wed 08/04/2020

Greed review - so-so satire of the über rich | reviews, news & interviews

Greed review - so-so satire of the über rich

Greed review - so-so satire of the über rich

Steve Coogan is the retail tycoon whose misdeeds are coming home to roost

From rag trade to riches: Steve Coogan in 'Greed'

Steve Coogan’s long partnership with director Michael Winterbottom is probably best known for The Trip and its spin-offs, involving Coogan’s comic culinary excursions alongside Rob Brydon.

Steve Coogan’s long partnership with director Michael Winterbottom is probably best known for The Trip and its spin-offs, involving Coogan’s comic culinary excursions alongside Rob Brydon. But for its serious undercurrents and disreputable subject matter, their new film is more akin to The Look of Love, in which Coogan played the sleazy Soho entrepreneur Paul Raymond. Here he is again, playing a real heel.  

This time, their story doesn’t’ start in sex clubs, but clothes shops. Coogan is Sir Richard McCreadie, aka “Greedy McCreadie”, public school drop-out turned billionaire “King of the High Street”, a retailer who could be accused of crimes against fashion as well as humanity, with a reputation for bankrupting every company he owns while taking millions for himself. 

The action centres on preparations for McCreadie’s 60th birthday party on the Greek island of Mykonos, a Gladiator-themed toga party and garishly extravagant exercise in self- congratulation, including paid-for celebrity guests, a makeshift amphitheatre and a lion named Clarence, caged and unhappy until making an inevitable contribution to proceedings. 

When not battling with ex-wife Samantha (Isla Fisher) over which are the more authentic – his gleaming new teeth or her new breasts – McCreadie is keen to clear the Syrian refugees off the public beach, lest they spoil his view. “It’s not me,” he insists, attuned to the public eye. “It’s our guests. Some of them are very superficial.”Flashbacks reveal the businessman’s rise, the accumulation of his immense wealth and the reason why he’s so keen to look good in Greece: a parliamentary select committee probing his dodgy dealings, said to involve asset stripping, tax evasion and the use of sweatshops.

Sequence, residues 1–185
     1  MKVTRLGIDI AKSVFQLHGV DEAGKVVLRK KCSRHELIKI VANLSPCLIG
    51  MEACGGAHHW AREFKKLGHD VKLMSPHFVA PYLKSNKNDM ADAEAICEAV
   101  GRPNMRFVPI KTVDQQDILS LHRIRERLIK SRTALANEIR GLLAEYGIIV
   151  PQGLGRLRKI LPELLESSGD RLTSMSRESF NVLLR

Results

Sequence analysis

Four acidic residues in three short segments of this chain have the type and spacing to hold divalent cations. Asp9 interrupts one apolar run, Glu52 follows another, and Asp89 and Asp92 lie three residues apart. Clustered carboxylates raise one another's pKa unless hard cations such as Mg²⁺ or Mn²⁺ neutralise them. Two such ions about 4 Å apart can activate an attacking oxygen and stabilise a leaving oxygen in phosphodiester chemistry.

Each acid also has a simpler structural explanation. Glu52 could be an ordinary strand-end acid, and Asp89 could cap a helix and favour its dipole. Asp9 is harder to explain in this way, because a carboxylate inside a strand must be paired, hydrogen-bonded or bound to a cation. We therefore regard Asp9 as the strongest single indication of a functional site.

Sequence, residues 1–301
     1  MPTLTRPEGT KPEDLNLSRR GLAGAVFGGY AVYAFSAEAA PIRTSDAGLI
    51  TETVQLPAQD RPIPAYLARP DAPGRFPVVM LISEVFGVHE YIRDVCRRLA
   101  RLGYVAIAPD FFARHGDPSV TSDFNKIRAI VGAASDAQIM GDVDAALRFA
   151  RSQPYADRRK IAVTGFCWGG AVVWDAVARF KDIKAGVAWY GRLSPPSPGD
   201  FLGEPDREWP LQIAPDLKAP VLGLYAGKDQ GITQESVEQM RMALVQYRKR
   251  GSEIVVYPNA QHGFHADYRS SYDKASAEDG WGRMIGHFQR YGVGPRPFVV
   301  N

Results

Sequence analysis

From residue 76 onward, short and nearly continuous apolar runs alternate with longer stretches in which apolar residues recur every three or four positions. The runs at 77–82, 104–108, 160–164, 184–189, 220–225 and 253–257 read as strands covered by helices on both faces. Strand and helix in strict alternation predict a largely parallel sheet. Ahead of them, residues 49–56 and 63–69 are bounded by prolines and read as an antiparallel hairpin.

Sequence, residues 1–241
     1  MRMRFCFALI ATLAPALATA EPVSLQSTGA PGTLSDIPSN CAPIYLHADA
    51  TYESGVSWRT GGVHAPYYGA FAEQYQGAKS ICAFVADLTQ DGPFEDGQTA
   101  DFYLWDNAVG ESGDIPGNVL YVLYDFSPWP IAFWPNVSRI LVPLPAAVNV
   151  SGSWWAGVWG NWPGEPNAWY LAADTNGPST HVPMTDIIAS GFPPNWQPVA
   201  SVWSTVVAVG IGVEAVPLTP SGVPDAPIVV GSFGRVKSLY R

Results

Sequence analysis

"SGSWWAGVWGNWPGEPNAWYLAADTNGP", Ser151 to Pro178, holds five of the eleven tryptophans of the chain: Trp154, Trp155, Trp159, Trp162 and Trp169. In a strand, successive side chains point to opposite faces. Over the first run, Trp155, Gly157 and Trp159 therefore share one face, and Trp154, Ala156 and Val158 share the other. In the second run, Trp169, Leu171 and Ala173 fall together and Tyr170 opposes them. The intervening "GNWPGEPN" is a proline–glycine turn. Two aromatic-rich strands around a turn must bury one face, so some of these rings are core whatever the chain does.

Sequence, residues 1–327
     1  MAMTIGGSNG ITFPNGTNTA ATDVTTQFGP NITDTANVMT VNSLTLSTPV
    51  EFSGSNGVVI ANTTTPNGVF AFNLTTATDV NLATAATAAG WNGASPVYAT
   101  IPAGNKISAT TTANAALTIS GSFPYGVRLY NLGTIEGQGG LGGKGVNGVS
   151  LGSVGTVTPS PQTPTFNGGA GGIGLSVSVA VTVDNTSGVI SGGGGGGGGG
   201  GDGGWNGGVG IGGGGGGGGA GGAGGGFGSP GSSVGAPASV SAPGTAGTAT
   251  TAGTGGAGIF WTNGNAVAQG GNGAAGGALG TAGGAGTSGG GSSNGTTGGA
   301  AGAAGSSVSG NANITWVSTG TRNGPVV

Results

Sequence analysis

Strictly speaking, this is not a portrayal of Sir Philip Green, though there are similarities aplenty with the controversial Topshop boss and former owner of BHS, who just happened to throw a toga party for his 50th. Provenance is actually immaterial: Winterbottom, who also wrote the script, is satirising the fashion retail industry in general, for creating an über-rich elite that lives parasitically off the exploitation of others. 

It’s sometimes very funny, in an excurciating way. Coogan can’t go wrong when he’s given a character fuelled by vanity, hubris and bad taste; what he achieves with the teeth alone is miraculous. He’s well-matched by Fisher, as the partner in crime who, when presented with a £1.2 billion dividend, coos to the staff: “This is for all of you”. Shirley Henderson, another Winterbottom regular, is also good value as McCreadie’s fearsome mother. 

Overall, however, the film feels hit and miss. On the one hand, there's a certain pleasure in the Tarantino-like, wish-fulfilling outcome; on the other, entire scenes involving reality TV, local builders, McCreadie’s unhappy son (Asa Butterfield) and his bewildered biographer (David Mitchell) feel variously lame or under-nourished. And if the satire isn’t sufficiently maintained, too long spent with hideous people will eventually become tiresome. 

Coogan can’t go wrong when he’s given a character fuelled by such vanity, hubris and tastelessness

rating

Editor Rating: 
3
Average: 3 (1 vote)

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